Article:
I had a great time at this year’s SXSW Conference. Tried to make it out to as many panels as possible. I missed a few due to the distance between campuses and confusion over shuttle buses — see #2 and #7 on Jim’s post. That said, I did make it a point to check out “The Politics Behind HTML5″ panel. Moderated by Charles McCathieNevile (Chief Standards Officer @ Opera), the panel also included:
– John Foliot (Manager Stanford Online Accessibility Program @ Stanford University)
– Paul Cotton (Partner Group Manager @ Microsoft Canada)
All three were World Wide Web Consortium (W3C) representatives.
I wasn’t really interested in learning more about HTML5′s awesomeness, I really wanted to learn why certain things make it into the spec and why some things don’t — and this panel did not disappoint. People attending the panel may not have liked some of the answers presented, but answers we did get.
So, why does the World Wide Web Consortium (W3C) care about HTML all of sudden?
Paul Cotton (Microsoft) was very blunt about this and stated that the W3C made a mistake by focusing solely on XML/XHTML. The W3C managed the HTML spec until HTML4, when it decided to cease support and, instead, started building off of the XHTML spec, which was ultimately abandoned in 2009. While all of this was happening, Opera and Mozilla (and later Apple) got together and started a new group called the Web Hypertext Application Technology Working Group (WHATWG) that was focused on enhancing the then abandoned HTML spec. So, now there are actually two organizations involved in developing HTML5: the W3C and the WHATWG. The W3C sees their involvement with HTML5 as an attempt to “bring the prodigal son back into the family.”
How do things get included in the HTML5 spec?
I have a feeling that people assume that specs are written by a closed group of individuals who are somehow detached from the real world. Further, they are written to scratch some obscure itch and, therefore, don’t reflect anything that anyone actually cares about. Or is that just me? To that end, John Foliot (Stanford) kept making the point that if you want to know what will end up in the HTML5 spec, read the front page of the Wall Street Journal.
If TV networks want their content online, that means leveraging the latest and greatest browser technologies, which means that HTML5 will probably end up supporting that. Why? Because NBC/ABC/CBS/CNN/etc have very deep pockets — obviously. You go where the money is. Foliot made the point that when things like this happen, then very basic user-centric principles, like accessibility, are thrown out the door. To Foliot’s point, things like accessibility can’t be an after-thought or a “feature” — it has to be part of the spec. Otherwise it may never be included, because it’ll be easier to just keep pushing it down the “we’ll get to that later” list. Jeremy Keith (pic below), author of “HTML5 for Web Designers,” also chimed in from the audience and brought up that basic design principles (ie, “put the user first”, etc) may also fall prey to bottom-line thinking.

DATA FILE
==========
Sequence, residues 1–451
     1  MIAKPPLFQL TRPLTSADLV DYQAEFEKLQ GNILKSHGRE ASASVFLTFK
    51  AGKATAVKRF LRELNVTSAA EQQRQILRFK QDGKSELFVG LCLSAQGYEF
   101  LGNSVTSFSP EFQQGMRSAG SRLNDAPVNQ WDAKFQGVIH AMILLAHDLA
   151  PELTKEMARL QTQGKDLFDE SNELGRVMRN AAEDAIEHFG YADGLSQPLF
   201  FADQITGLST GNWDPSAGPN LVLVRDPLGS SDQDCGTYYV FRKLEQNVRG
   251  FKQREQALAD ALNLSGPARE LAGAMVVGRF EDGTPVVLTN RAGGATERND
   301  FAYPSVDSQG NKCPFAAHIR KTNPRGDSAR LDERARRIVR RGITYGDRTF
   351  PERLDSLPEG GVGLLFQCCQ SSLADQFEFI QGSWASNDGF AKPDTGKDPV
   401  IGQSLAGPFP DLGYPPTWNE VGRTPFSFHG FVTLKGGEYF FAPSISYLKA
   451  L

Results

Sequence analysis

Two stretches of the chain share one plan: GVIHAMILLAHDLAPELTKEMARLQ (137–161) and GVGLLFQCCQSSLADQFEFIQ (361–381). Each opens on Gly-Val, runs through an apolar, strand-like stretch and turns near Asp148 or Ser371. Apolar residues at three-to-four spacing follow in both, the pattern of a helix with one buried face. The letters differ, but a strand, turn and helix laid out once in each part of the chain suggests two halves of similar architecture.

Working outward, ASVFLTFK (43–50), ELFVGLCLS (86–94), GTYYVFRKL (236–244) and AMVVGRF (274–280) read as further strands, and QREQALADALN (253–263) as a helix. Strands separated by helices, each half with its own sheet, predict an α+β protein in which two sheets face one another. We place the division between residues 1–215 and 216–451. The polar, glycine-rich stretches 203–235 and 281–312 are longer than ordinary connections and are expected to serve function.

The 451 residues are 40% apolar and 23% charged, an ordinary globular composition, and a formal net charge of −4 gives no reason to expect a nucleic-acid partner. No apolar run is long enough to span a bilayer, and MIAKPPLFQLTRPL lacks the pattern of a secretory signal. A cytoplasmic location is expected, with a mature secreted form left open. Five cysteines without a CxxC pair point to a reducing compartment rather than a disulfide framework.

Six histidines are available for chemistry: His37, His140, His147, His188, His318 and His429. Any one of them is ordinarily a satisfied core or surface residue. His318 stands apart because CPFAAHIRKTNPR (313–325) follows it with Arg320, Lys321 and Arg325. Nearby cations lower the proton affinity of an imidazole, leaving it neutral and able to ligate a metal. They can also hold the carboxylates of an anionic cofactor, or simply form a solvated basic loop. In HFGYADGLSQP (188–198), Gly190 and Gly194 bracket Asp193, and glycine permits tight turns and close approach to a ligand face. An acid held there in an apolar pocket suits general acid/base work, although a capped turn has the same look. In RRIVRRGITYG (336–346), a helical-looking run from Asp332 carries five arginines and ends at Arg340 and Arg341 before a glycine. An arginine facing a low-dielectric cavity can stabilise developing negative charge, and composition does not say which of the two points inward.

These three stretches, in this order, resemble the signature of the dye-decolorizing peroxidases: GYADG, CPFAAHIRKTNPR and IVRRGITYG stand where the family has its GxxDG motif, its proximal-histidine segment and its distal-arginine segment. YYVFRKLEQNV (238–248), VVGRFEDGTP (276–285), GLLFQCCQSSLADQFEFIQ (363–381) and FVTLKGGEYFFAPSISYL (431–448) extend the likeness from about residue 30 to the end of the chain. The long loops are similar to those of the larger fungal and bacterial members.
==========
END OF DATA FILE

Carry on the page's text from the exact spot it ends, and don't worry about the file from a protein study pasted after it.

How do you balance the need to get a workable spec out the door in a timely fashion while ensuring that things like accessibility support are included? Tough question. I don’t know. Those W3C guys get paid a ton of money to figure stuff like that out (maybe not).
Source: Jeffrey Zeldman
On the topic of TV networks making their content available online (and this goes for movies and music, as well) via HTML5-capable browsers, a question came up regarding Digital Rights Management (DRM). Where/how/when does this get integrated into HTML5? Does it happen within HTML5 via extension points or will there be a single DRM format? As Cotton said, the use of extension points is a double-edged sword. On the one hand, it absolves the W3C from having to develop DRM support within the spec, which, from an organizational perspective might be a good thing, since it’s one less thing for them to worry about. But if they let 3rd party developers come up with their own formats, we lose the ability to standardize DRM and browsers will then need to support multiple codecs.
There were no clear answers to these questions and scenarios, but we did get an idea of some of the questions that the W3C has to struggle with when deciding what gets included in the spec. Overall, great panel.